Monday, September 27, 2010

Time Horizons: Populism Edition

Lisa Kramer over at LOG links to this article, by William Hogeland, on the tension between liberalism and populism. Unsurprisingly, FLG turns to his theory of time horizons and finds that everybody is missing the big picture. Hogeland tries to say one focuses on the future while the other focuses on the past, a distinction that many have tried to make, but is ultimately wrong. It's not past versus future. It's present versus past and future.

First, Hogeland asks probably the key question of our political era: "Why, liberals wonder, don’t populists vote their economic interest?" Well, FLG and his time horizons theory says that liberals focus on the present so much as to largely ignore the past and especially the future, are actually asking this question, but don't know it: "Why, liberals wonder, don’t populists vote their [short-term] economic interest?"

Second, again using FLG's time horizon's theory, and something else becomes more clear -- conspiracy theories. Liberal history rests largely material, economic explanations, which is probably most exemplified in Marxist history. As FLG has said before, this is a static analysis of each point in history rather than a continuous one that allows for change. When in point of fact most of the wealthy people today aren't, as far as FLG can tell, directly descended from the Robber Barons. Bill Gates, Warren Buffet, Steve Jobs, may have come from the middle or upper-middle class, but certainly weren't super-rich. Populists, in contrast, focus on millennium long conspiracies with aliens and the pope (and let's be honest we know who is really at the bottom of all these -- the Jews). Now, these are completely nuts. But they also represent a longer term way of thinking about the world. It's poorly done, but it's not present oriented.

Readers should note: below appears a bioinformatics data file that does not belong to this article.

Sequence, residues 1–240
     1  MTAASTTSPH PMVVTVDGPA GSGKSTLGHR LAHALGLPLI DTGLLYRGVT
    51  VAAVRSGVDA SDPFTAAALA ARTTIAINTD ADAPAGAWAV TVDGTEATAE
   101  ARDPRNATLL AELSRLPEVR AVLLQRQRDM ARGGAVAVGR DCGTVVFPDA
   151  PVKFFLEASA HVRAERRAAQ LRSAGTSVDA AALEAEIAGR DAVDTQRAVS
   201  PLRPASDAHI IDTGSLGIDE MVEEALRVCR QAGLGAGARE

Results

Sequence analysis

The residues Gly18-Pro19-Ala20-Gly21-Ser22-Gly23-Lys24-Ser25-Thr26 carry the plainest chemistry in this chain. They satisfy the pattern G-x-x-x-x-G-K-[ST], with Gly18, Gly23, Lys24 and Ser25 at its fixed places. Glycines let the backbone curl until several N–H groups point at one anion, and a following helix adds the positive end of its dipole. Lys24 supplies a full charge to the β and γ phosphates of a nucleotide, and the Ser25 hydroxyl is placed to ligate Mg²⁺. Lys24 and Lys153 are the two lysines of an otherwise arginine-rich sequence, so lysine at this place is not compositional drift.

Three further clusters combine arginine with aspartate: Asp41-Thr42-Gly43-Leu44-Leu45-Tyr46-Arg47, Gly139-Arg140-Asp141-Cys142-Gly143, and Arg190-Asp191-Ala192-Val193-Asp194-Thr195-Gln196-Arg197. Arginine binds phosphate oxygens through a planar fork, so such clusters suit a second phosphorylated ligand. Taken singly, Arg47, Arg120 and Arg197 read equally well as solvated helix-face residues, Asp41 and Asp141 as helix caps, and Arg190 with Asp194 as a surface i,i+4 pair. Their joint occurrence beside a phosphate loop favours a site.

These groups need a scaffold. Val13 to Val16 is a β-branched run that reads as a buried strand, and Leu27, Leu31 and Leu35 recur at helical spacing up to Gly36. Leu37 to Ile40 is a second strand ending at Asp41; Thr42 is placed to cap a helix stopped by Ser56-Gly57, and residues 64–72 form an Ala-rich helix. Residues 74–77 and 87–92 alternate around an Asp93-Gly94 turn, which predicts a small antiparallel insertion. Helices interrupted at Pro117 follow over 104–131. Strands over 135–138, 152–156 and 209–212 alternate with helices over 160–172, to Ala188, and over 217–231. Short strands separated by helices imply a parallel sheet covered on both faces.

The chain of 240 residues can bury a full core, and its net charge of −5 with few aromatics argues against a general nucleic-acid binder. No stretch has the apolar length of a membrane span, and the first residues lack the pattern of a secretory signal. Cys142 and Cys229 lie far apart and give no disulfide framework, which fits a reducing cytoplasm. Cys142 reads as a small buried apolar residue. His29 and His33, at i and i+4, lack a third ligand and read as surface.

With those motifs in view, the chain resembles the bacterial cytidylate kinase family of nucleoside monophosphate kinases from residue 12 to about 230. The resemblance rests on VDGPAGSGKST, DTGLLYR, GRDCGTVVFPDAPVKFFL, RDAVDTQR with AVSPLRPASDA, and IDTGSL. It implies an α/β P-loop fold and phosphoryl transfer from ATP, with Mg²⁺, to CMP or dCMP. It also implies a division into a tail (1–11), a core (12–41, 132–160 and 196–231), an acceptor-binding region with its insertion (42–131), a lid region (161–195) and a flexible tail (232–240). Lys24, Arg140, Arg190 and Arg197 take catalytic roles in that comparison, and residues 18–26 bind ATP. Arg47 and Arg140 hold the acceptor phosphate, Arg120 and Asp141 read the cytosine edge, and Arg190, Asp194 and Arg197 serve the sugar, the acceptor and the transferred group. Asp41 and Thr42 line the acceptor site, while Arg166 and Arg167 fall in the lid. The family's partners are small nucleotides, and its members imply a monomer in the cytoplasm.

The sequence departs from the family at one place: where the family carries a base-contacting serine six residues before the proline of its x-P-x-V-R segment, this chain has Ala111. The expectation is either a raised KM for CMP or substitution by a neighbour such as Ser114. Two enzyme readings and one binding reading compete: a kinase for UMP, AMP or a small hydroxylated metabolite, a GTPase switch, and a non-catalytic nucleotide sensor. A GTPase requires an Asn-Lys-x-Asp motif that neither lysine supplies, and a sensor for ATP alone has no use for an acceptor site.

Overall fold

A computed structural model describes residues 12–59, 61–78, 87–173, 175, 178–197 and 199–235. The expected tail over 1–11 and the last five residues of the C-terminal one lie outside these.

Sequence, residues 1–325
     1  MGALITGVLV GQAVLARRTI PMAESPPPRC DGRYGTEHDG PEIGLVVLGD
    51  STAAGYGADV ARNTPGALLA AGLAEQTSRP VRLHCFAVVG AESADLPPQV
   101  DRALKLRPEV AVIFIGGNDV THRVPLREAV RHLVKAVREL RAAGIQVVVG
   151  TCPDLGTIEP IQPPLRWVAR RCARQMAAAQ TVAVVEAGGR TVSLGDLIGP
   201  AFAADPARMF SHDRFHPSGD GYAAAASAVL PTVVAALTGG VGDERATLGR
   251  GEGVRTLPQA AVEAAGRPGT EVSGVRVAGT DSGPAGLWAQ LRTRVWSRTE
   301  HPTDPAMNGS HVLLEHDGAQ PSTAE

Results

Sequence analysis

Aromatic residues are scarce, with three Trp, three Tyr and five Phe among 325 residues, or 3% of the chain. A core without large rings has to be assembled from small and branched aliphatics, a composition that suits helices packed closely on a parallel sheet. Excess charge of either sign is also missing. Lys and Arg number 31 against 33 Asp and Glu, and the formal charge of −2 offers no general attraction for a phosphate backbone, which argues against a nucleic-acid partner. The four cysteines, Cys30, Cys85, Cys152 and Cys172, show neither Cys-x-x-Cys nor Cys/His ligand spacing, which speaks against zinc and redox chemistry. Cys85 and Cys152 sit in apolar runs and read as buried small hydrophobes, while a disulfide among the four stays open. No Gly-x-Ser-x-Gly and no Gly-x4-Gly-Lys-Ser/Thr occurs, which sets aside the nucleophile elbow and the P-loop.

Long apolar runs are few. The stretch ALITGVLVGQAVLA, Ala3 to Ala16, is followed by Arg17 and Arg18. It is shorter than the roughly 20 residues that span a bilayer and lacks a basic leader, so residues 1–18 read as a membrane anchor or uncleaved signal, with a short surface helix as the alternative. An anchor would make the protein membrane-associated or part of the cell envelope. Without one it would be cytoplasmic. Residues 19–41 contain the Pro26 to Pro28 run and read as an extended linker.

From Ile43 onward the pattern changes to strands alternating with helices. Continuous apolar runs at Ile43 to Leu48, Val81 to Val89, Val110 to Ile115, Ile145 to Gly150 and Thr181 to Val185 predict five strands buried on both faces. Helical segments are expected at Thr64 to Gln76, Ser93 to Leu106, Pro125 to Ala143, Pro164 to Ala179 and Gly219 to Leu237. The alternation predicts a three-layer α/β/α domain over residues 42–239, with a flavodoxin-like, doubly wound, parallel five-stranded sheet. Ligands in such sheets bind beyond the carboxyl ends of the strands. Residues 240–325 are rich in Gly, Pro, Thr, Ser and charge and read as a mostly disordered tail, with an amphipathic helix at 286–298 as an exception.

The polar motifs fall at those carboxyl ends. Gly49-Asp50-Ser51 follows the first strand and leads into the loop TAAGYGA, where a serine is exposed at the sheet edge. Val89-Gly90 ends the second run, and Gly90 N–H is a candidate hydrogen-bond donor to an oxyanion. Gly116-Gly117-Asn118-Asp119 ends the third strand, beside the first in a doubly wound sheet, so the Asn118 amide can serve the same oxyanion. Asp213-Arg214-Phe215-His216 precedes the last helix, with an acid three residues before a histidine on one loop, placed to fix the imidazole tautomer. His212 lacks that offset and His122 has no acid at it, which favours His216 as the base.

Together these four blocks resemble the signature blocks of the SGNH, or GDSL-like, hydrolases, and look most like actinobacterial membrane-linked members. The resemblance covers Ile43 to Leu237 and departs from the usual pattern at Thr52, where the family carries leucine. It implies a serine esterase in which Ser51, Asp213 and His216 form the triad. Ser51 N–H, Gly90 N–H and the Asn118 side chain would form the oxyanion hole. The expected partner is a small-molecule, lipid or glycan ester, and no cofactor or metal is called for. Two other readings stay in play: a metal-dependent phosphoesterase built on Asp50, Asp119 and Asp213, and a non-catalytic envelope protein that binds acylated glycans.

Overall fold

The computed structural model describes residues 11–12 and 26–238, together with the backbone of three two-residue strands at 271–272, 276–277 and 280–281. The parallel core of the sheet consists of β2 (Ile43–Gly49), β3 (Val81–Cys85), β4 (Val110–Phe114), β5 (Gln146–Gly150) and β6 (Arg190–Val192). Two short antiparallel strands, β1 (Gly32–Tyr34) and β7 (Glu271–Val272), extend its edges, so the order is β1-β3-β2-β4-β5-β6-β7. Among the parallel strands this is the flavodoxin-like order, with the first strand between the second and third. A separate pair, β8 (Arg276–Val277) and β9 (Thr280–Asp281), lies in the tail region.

Anyway, almost as if Lisa was trying to prove my point, writes this at the end:
Overall, I’m not sure if [the tension between liberalism and populism] matters. So what if liberals and populists don’t think much of each other? Wilson might’ve thought Bryan was a radical rube, but it was during the Wilson administration that many of Bryan’s hardest fought battles were won (progressive income tax, prohibition, women’s suffrage, direct election of Senators, etc…). In historical terms, it matters little that the two men had reason to distrust each other. Maybe liberals and populists should give up on trying to understand each other and just settle for forming the sort of tense coalition on the Left that has marked the “three-legged stool” of the Republican tent for the last four decades.

Do you see how this is present oriented? Short-term focused? Who cares if the two parties have completely different orientations? As long as we can work on things together NOW, then we can ignore the long run differences. Spoken like the epitome of a liberal according to FLG's time horizon theory.

2 comments:

Withywindle said...

So anti-Semitism is really the socialism of the long-term-horizoned?

FLG said...

Not exactly.

 
Creative Commons License
This work is licensed under a Creative Commons Attribution-No Derivative Works 3.0 United States License.